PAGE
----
Politico uncritically quoted Sen. Lamar Alexander stating, in reference to health care reform: "Washington takeover are two words we've been hearing a lot from the Obama Administration these days." But Obama has explicitly disavowed a "Washington takeover" of health care; it's GOP consultant Frank Luntz who's urged Republicans to use that phrase to attack Obama's plan.
In a June 15 article, Politico reported that Sen. Lamar Alexander (R-TN) "predicted that Americans would begin to sour on President Barack Obama's call for a public option" for health care, and then uncritically quoted Alexander stating: " 'Washington takeover' are two words we've been hearing a lot from the Obama Administration these days." The article did not mention that Obama has explicitly disavowed a "Washington takeover" of health care, including during a June 15 speech before the American Medical Association in which he described "warnings about ... government takeovers" as part of reform opponents' "scare tactics and fear-mongering." In fact, it is GOP consultant Frank Luntz who has urged Republicans to attack Obama's plan as a "Washington takeover" of health care, penning a memo titled "The Language of Healthcare 2009: The 10 Rules for Stopping the 'Washington Takeover' of Healthcare," as Politico itself reported in May. Indeed, Alexander has reportedly acknowledged that he and other Senate Republicans have met with Luntz, whom Alexander described as "a useful wordsmith."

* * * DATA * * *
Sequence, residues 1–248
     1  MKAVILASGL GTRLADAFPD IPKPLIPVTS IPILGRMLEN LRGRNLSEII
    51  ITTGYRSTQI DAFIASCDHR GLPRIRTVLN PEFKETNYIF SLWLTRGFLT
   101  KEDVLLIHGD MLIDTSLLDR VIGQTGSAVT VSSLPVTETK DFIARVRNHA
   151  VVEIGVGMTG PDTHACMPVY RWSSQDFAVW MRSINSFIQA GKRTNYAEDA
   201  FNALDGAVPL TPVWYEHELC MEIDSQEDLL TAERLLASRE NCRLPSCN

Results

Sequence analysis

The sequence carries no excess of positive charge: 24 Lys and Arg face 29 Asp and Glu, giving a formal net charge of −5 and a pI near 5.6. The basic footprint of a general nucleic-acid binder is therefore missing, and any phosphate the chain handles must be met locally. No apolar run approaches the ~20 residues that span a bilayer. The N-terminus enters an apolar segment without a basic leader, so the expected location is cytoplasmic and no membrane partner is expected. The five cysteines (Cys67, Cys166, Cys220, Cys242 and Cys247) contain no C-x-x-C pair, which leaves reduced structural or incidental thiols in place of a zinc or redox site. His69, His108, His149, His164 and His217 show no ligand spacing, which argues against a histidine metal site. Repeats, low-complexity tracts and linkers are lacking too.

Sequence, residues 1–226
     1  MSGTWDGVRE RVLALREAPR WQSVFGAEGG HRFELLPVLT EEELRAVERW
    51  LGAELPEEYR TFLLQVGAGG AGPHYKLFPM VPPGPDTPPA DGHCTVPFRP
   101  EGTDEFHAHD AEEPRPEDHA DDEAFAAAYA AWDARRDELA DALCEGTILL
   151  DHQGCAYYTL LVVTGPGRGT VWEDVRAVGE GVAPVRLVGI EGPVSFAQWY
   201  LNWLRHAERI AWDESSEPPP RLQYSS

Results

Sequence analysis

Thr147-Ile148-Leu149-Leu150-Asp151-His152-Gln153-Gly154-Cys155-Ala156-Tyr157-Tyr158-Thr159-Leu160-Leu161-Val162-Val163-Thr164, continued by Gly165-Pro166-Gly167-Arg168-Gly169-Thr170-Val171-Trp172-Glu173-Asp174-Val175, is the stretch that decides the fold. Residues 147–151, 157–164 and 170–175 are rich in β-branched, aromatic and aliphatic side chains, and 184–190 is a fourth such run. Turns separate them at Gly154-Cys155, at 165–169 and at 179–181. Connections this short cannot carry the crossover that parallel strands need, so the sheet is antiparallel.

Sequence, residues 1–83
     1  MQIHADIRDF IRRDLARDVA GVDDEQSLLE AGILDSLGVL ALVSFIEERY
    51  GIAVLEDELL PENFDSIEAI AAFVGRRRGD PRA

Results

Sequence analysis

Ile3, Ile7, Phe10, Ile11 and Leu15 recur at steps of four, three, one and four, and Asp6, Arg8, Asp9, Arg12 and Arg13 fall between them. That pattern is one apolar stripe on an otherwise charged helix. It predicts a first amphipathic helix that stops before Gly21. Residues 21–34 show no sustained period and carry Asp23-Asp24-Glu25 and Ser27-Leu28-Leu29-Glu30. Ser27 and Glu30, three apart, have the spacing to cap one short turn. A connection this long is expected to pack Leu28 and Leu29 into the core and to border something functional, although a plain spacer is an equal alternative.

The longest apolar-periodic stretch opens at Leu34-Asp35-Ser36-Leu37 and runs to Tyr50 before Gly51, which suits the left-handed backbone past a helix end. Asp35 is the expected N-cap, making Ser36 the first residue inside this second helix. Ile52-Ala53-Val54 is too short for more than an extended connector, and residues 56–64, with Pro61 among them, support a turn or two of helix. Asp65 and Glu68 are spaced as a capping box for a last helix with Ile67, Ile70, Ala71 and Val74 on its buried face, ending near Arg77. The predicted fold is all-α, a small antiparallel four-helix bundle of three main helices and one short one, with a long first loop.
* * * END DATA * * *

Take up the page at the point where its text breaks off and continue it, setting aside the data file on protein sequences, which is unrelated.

In addition to quoting Alexander's statement, the Politico article also uncritically reported that "Senate Minority Leader Mitch McConnell, in a floor speech scheduled for this afternoon warned that what Americans 'don't want is a Washington takeover of health care along the lines of what we've already seen with banks, insurance companies, and the auto industry.' "
But Obama has frequently said he is not proposing a "Washington takeover" of health care. For instance, during a June 11 town hall meeting, Obama reportedly stated: "One of the options ... should be a public insurance option. ... The reason is not because we want a government takeover of health care." Obama further explained that "if you've got a private plan that works for you, that's great. But we want some competition. If the private insurance companies have to compete with a public option, it'll keep them honest and it'll help keep their prices down." Similarly, during the June 15 AMA conference, Obama said:
We know the moment is right for health care reform. We know this is an historic opportunity we've never seen before and may not see again. But we also know that there are those who will try and scuttle this opportunity no matter what -- who will use the same scare tactics and fear-mongering that's worked in the past. They'll give dire warnings about socialized medicine and government takeovers; long lines and rationed care; decisions made by bureaucrats and not doctors. We've heard it all before -- and because these fear tactics have worked, things have kept getting worse.